- The Washington Times - Thursday, May 28, 2009



The Democrats and their friends in the national news media never miss an opportunity to report how unpopular Republicans are in the Age of Obama. Clearly, the Republican Party has a lot to prove if it is to regain majority status.

However, we may see signs of a Republican comeback sooner than anyone thought in the off-year gubernatorial elections in New Jersey and Virginia in November. Don’t laugh. Independent polls show the Republican candidates are ahead of the Democrats in both contests.

Heavily Democratic New Jersey’s Democratic Gov. Jon Corzine, the superrich former Wall Street financier, has seen his disapproval numbers soar as a result of the recession, which has hit his state hard. Unemployment is the highest in 16 years, and the state has the highest property-tax burden in the country, which has angry voters favoring former U.S. Attorney Christopher J. Christie, the Republican front-runner, by 45 percent to 38 percent, according to a recent Quinnipiac University poll.

The same story is at work in Virginia, where Republicans have a chance of recapturing the governorship in the Democratic-leaning state in an open race. Gov Tim Kaine, the Democratic National Committee (DNC) chairman, is limited to one term.

Three Democrats are vying for their party’s nomination, including former DNC Chairman Terry McAuliffe, the front-runner. However, for months polls have shown Republican Bob McDonnell, the former state attorney general, leading all three of his potential rivals.

Mr. Obama carried both states last year. However, veteran election trackers, including Stuart Rothenberg in his latest forecast, are putting these races in the “tossup” column.

History appears to be on the Republican Party’s side in each race. In New Jersey, no Democratic governor has been re-elected since 1977. Also, in the past eight presidential elections since 1976, “the party that loses the White House has won the Virginia governorship the following year,” Mr. Rothenberg noted.

The New Jersey election is in many ways the most interesting because of its heavily Democratic electorate. Mr. Corzine, who made millions on Wall Street and bought his way into office with $50 million of his own money, was seen as skillful in economic policy.

Yet he plunged the state into $3 billion in debt and is raising taxes on the hard-pressed economy at a time when it can ill afford higher levies. He is calling for eliminating property-tax rebates - which would hit middle-class homeowners especially hard - along with a 4 percent surcharge on New Jersey’s struggling businesses.

The Quinnipiac poll showed his overall disapproval score at 54 percent, and voters disapprove of the way he is handling the economy by 58 percent to 32 percent.

Remarkably, the relatively unknown Mr. Christie has consistently been ahead of the governor as the recession deepens and unemployment moves inexorably toward 9 percent.

“The state’s [Democratic] bent helps Corzine, but even that may not be enough to save him. In a state where Republicans have fallen off the cliff, Christie has a serious shot of winning,” Mr. Rothenberg said in his Political Report last week.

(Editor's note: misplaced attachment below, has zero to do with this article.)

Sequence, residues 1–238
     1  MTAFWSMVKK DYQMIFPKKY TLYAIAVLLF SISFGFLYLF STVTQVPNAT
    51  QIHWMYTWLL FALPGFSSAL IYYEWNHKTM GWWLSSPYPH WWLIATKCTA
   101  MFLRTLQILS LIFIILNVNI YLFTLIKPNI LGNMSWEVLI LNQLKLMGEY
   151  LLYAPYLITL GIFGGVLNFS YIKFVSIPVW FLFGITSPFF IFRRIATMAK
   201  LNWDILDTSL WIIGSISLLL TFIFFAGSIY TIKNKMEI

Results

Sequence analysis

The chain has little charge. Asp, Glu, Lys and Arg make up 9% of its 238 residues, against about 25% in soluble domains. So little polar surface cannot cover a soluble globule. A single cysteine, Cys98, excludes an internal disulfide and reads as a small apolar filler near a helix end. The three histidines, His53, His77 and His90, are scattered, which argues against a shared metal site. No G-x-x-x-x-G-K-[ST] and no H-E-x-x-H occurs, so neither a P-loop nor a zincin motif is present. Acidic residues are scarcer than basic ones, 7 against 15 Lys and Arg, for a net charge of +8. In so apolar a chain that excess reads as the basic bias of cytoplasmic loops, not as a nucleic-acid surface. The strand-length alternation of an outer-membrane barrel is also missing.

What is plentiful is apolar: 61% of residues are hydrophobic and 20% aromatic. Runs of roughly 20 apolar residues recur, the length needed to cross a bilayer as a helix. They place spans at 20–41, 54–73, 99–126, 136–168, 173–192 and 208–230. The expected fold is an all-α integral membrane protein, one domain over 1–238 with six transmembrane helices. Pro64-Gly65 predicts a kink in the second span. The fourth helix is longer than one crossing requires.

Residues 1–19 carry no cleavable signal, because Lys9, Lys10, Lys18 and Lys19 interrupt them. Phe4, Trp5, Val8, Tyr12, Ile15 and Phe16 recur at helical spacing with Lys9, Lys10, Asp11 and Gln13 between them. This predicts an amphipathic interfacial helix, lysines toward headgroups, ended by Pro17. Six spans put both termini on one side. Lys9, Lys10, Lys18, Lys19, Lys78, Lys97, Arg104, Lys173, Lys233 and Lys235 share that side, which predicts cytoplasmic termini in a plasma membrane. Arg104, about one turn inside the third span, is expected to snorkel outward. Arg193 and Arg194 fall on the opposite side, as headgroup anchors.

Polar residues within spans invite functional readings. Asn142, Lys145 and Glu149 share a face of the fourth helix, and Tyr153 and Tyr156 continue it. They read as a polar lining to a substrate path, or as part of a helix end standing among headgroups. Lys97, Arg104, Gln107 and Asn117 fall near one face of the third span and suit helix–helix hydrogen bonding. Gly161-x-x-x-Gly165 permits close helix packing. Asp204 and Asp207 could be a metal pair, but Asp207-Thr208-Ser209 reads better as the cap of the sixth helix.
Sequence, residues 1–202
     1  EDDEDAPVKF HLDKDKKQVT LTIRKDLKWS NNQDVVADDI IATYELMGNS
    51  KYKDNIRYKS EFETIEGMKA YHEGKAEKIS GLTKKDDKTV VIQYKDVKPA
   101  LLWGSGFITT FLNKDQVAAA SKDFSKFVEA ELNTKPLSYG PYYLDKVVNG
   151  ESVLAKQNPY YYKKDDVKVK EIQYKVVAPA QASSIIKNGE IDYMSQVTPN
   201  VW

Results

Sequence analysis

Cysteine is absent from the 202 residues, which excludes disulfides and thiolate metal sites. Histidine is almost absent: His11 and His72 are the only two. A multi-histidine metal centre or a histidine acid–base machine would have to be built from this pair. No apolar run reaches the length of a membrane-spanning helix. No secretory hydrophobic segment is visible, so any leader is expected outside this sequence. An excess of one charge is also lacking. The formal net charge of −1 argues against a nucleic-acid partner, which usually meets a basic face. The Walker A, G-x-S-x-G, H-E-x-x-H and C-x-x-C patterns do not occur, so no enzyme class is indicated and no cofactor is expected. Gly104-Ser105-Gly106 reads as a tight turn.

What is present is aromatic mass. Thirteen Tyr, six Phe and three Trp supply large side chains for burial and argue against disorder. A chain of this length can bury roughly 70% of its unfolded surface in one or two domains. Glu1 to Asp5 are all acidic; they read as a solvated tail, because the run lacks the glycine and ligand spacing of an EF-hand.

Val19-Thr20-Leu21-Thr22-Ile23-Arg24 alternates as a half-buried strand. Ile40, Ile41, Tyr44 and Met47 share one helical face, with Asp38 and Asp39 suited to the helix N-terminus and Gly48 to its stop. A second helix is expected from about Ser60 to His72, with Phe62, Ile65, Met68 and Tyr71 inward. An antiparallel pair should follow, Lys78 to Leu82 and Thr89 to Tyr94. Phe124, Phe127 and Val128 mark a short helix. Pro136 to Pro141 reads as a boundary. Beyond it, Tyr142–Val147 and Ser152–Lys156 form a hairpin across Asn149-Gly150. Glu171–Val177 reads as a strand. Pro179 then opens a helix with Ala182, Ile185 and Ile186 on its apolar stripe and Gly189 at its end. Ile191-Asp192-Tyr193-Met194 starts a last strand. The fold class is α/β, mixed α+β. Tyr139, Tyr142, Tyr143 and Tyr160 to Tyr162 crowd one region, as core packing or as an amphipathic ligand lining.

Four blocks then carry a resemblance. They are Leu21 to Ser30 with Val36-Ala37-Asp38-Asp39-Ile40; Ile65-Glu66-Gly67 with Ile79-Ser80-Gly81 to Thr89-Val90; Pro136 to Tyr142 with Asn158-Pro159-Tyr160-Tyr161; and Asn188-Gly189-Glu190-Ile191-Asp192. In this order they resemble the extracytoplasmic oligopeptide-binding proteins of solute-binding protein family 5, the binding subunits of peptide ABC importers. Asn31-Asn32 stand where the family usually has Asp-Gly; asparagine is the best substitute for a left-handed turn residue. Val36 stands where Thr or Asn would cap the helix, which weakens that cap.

Mr. Christie has made a reputation for himself as a corruption fighter, convicting more than 130 state officials, Republicans and Democrats alike. With the Republican primary set for June 2, he leads former small-town mayor Steve Lonegan by 56 percent to 33 percent.

Mr. Christie is calling for across-the-board tax cuts and deeper spending cuts to breathe new life into the state’s economy - winning the support of conservative supply-side tax-cutter Steve Forbes.

Still, you can’t count Mr. Corzine out, not with his vast fortune and the hope that the economy may rebound somewhat over the next five months.

But property-tax anger runs deep, and Mr. Corzine’s support among independents is especially weak. Mr. Christie leads him by 50 percent to 31 percent among that group of voters.

“Corzine came in as the wizard of Wall Street; yet he has incredibly mismanaged the finances of this state,” Christie campaign strategist Mike DuHaime told me. “I think he’s going to be judged on his record, and no amount of money that he puts into this race will hide that failed record.”

Republican chances will depend to a large extent on the political climate this fall and whether Mr. Obama’s trickle-down public-works projects will show some improvement in the economy - or fall victim to only anemic growth and stubbornly high unemployment rates.

This time the Republicans have two strong, fiscally conservative candidates who clearly can appeal across party lines. If both of them can score this fall, that will go a long way toward slowing their party’s precipitous decline and show there is life in the Republicans yet.

That would give the party a leg up in the 2010 midterm elections, when the party out of power usually gains seats in Congress. It also stands to pick up more governorships among seven open contests to come. Four of them are in the red states of Oklahoma, Wyoming, Kansas and Tennessee.

This is why Mr. Rothenberg said the “Republicans’ best hope for regaining some territory may well be in gubernatorial races.”

Don Lambro is chief political correspondent for The Washington Times.

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